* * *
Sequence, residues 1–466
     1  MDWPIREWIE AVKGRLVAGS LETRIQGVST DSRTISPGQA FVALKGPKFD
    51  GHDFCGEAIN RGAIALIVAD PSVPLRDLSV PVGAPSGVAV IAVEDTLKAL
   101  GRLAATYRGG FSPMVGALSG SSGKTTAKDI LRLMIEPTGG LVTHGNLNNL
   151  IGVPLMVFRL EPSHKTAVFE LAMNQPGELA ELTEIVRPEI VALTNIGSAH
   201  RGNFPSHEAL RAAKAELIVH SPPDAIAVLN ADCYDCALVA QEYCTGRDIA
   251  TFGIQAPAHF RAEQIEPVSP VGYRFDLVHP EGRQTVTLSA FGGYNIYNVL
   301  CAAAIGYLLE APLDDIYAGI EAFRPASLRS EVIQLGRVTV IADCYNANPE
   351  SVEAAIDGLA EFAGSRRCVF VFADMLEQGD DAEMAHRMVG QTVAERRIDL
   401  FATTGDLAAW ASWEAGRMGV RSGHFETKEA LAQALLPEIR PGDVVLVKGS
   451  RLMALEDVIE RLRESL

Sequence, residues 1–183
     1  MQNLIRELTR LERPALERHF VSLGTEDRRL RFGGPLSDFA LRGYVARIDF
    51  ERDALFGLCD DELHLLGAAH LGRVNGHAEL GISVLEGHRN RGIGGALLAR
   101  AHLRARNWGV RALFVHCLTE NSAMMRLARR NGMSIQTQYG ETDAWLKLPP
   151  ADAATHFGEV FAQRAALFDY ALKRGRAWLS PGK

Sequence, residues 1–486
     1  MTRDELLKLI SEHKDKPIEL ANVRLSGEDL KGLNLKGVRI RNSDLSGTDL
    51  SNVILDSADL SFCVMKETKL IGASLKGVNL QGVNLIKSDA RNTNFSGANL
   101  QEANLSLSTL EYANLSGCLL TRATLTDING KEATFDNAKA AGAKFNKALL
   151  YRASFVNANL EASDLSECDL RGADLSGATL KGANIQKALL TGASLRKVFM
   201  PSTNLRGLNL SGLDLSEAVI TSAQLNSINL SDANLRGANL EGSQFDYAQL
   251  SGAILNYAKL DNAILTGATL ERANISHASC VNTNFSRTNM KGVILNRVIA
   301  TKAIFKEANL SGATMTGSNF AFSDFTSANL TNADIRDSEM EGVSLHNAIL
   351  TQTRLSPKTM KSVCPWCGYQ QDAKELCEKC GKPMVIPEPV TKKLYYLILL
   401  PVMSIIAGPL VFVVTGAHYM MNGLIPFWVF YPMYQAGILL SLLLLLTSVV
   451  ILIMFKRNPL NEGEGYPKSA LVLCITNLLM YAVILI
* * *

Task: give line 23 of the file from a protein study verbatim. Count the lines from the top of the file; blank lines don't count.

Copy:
   251  SGAILNYAKL DNAILTGATL ERANISHASC VNTNFSRTNM KGVILNRVIA